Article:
My night shift started very busy. The call bells kept on buzzing. Patients kept on calling. I was assigned to hold the controlled drugs cabinet key, and I noticed that there has been lots of pain medications given to the patients in the unit. Well, that’s the reality of being on a surgical floor. Post op patients require lots of analgesia to control pain.
But what if the pain would just not let go – because the pain was not only physical – but also emotional? This is the case for most of my terminally-ill patients. I admit, the pain that comes from knowing that your time is almost over is the most difficult pain to deal with.
Early this morning, I woke up John (not his real name) so I could start giving him a wash. It was a big day for him today. He’s taking a 9-hour flight today to come back to his home country. He’s a colon cancer patient and the doctors had given up on him. He’s had quite a number of surgeries and blood transfusions, and the doctors have decided that it would be better if he comes home to his country and be with his loved ones, while he is stronger.
I did a complete overhaul on him. I changed the NGT tape. I did a quick aseptic dressing of his abdominal wound and packed it with lots of gauze to prevent it from leaking during the flight. I washed his hair, and gave his body a quick scrub. I attached two new empty drainage bags for his jejunostomy and nasogastric tubes so people wont start avoiding him in the airport when they see him with drain-filled bags. I removed the hospital gown and made him wear a long-sleeved shirt and black pants. I wanted him to look like just one of the normal passengers in the airport.
As I was doing all of these, I kept on conversing with him. He was genuinely happy when I told him that the old dressing I removed in his abdomen was quite dry. It was a good news for him because that abdominal wound kept on oozing with yellowish fluid for weeks now. “Haay thanks, Lord” was his touching reply. I knew he was still clinging to his last hope. That miracles still do come true.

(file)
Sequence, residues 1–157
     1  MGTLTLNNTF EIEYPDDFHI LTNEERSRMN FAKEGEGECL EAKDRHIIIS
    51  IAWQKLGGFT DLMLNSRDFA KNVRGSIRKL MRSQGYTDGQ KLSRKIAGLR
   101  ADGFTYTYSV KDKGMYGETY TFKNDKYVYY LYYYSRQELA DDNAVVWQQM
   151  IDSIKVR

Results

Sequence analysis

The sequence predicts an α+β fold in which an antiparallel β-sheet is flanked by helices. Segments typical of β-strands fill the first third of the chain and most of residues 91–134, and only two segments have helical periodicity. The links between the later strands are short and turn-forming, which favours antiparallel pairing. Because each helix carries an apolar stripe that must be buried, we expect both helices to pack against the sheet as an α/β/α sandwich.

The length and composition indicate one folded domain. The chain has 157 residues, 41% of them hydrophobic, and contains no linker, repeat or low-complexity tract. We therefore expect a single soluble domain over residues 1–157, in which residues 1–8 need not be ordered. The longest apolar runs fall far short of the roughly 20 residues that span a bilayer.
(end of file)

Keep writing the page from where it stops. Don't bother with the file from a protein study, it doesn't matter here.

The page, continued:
I told him that I wanted to go with him so I could see my family too, that I would hide inside one of his luggages. He just laughed, and his sincere smile was enduring. I felt his happiness knowing that he’ll be with his family very soon. But I also realized that coming home this way – to see his loved ones for the last days of his life – was never a good reason to fly home. I could also feel the pain he was hiding.
Finally, I gave him enough pain medications- a shot of morphine and a fentanyl patch on the chest – to keep him comfortable during the trip. That may not be enough to relieve emotional pain, but I knew it’s going to help a lot.
He left the hospital with his wife and son, even before my shift ended at 7am. The wife texted me on their way to the airport to extend her thanks. She apologized for not being able to help me prepare her husband for the trip, but I told him it was just fine since I understood that she was also busy packing things up.
I was already having breakfast at home when I got the phone call from the wife that they have boarded the plane. She sincerely thanked me for taking care of his husband for the last weeks. She invited me to visit them in their place, when I go for vacation next time. Nurses really do get a high, when they get appreciation and acknowledgment from their patients and their families. And I am not an exception.
Today, I celebrate my first year working in this oil-rich country. One year ago on this exact day, I came here seeking for better financial opportunities. A year after, I am here reaping, not only the monetary value of my work, but moreso, the opportunity to be of help to those who really need it. Because of my work, I have a deeper appreciation of life, and that gives me all the more, the strength and wisdom to continue struggling against the sometimes harsh realities of life.
Thanks, John, for giving me a great way to cap the year.
(picture credits: procorbis.com, helpinghands-seniorservices.com, oldtibet.com)